Brick maker allays fears over coal mining licence

An image of Nick Booth

NICK BOOTH As a result of Corobrik accessing coal at its mine, the Department of Mineral Resources and Energy requested Corobrik to apply for a coal mining licence to mine the coal and have it removed. Booth adds that Corobrik has no intention to sell coal and intends to remain a brick maker

3rd May 2024


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Clay brick and paver maker Corobrik reports that it has no intention of entering into the coal mining sector, despite its application to mine the commodity at its Centurion-based Rietvlei mine and brick-making plant.

The company operates a clay mining operation near the ecologically-sensitive Rietvlei Nature Reserve and concerns were raised by the nearby community, reserve stakeholders and visitors, when it came to their attention that Corobrik intended to apply for a licence to mine coal at its existing clay mine.

However, Corobrik CEO Nick Booth states that while its Rietvlei operation is a traditional opencast clay mining setup used by all brick makers, the company is aware of the presence of coal within the clay deposit, and that as the clay mine progresses – having been opened in 1983 – coal has increasingly been accessed as part of the overburden encountered at the deposit.

“We knew there was coal in the quarry, as we are constantly measuring our clay reserves and constantly planning the next segment of our clay-mining operation,” he explains.

Booth adds that drilling ahead of the face to obtain an exact understanding of where the clay deposits were situated, resulted in the discovery of coal.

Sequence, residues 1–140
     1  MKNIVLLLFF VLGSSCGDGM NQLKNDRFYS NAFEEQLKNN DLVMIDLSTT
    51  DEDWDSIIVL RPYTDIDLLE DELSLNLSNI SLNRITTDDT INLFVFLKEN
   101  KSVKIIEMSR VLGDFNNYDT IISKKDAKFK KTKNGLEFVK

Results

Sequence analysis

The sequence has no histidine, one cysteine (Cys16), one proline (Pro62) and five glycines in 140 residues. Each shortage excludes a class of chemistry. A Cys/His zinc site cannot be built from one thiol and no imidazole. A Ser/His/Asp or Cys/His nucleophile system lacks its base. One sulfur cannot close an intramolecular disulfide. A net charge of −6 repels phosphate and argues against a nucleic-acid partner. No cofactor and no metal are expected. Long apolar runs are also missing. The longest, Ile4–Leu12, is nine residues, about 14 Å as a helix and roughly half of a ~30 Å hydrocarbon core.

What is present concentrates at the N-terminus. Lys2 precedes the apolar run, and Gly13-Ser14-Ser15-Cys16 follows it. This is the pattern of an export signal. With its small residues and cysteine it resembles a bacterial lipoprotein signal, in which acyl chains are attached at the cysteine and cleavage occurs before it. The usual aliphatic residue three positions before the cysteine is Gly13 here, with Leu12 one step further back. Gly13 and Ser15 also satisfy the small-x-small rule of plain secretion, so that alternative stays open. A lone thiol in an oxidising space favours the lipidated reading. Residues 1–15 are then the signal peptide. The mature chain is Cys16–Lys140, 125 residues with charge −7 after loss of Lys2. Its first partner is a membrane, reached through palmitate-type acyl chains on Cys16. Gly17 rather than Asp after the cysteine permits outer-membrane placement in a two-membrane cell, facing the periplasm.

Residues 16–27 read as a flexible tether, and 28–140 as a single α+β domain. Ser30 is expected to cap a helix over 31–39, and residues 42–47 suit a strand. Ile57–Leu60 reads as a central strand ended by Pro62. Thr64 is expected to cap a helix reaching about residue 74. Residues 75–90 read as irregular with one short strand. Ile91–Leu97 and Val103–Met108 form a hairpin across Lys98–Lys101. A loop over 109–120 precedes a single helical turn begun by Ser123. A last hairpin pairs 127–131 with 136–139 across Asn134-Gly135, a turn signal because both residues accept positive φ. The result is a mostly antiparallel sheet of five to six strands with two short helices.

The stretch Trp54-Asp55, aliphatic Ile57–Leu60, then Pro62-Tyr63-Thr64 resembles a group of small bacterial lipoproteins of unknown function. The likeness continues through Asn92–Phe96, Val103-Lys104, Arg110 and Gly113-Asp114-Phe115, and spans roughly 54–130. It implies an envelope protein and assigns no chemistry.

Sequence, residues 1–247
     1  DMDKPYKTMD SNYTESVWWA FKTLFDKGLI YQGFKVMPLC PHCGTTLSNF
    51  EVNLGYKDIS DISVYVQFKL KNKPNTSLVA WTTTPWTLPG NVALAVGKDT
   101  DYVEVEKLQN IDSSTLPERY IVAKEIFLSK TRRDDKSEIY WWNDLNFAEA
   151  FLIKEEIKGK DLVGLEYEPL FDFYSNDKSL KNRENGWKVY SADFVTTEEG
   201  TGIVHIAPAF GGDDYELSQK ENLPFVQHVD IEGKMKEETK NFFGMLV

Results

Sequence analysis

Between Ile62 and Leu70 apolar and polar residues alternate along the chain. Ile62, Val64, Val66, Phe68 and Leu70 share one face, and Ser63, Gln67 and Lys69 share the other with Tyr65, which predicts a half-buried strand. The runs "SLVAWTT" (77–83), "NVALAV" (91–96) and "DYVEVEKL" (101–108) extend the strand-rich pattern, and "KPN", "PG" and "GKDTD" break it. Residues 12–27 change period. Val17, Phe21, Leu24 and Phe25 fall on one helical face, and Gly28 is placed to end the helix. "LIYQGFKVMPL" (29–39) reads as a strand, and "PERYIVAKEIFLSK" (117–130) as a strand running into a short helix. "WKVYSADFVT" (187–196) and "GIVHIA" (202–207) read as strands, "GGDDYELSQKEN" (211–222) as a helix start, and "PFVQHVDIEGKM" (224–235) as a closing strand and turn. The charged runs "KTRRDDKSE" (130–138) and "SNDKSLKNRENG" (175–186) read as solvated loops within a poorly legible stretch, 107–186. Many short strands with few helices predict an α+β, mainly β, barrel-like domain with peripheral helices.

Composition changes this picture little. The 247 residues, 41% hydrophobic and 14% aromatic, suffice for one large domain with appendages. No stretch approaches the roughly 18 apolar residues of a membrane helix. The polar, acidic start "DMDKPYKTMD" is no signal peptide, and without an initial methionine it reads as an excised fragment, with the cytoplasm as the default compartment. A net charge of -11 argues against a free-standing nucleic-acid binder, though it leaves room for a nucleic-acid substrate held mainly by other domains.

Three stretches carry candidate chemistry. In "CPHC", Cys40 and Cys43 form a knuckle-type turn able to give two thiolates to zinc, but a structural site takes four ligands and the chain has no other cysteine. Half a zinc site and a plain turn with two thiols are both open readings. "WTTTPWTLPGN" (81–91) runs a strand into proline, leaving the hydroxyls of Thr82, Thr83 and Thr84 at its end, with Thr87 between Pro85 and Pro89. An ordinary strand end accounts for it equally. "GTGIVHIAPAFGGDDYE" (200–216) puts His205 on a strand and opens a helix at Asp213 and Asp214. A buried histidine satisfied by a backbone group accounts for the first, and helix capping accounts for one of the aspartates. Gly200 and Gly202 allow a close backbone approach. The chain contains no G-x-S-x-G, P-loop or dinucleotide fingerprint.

“What you do not always pick up from a drilling programme is the quantity, or the thickness, of the different layers of material such as clay and coal. Only when you actually start to work the face backwards do you begin to see the delimitations of each material layer,” notes Booth.

Corobrik has consistently mined three different types of clay at Rietvlei, to the point where the presence of a coal overburden has now become a factor in terms of its thickness in the surrounding clay being mined.

As a result of Corobrik accessing coal at its mine, the DMRE subsequently requested Corobrik to officially apply for a coal mining licence to mine the coal and have it removed, with Booth adding that Corobrik has no intention to sell coal and intends to remain a brick maker, and be recognised as a miner of clay and not coal.

As a result of increasingly accessing coal, Corobrik applied to the Department of Mineral Resources and Energy (DMRE) as early as 2022 to obtain a licence to mine the coal so as to remove it and secure ongoing access to the clay reserves present.

The clay layer is sandwiched between two layers of coal, which has necessitated coal being stockpiled at the quarry in the meantime.

“Our commercial consideration is that the coal is now overlying the carbonaceous clay deposits we need to utilise for our brickmaking operation at Rietvlei,” says Booth.

As a result of maintaining its focus on clay mining, he highlights that a contractor will be appointed to mine the coal overburden and ensure its proper removal and disposal.

In this regard, Corobrik notes that it is vital to remove the coal stockpile owing to the environmental risk from contamination and the potential for spontaneous combustion if the coal stockpile becomes too big.

“We have no long-term plan around the coal. It is really a case of removing what is in our way so we can mine the clay to our best advantage in terms of running the brick factory. The coal is actually an obstacle at this point,” says Booth.

“It is a complex issue,” notes Booth, adding that there are already coal mining operations on the same watercourse in the Rietvlei area.

Further, he also points out that while estimates for the size of the coal resource at Rietvlei point to the commodity being accessed for the next seven years (based on current mining performance), Corobrik intends to mine clay for the next 35 years. “This means that our Rietvlei factory will continue to be a viable clay brick making factory until at least 2050,” concludes Booth.

Edited by Donna Slater
Features Deputy Editor and Chief Photographer


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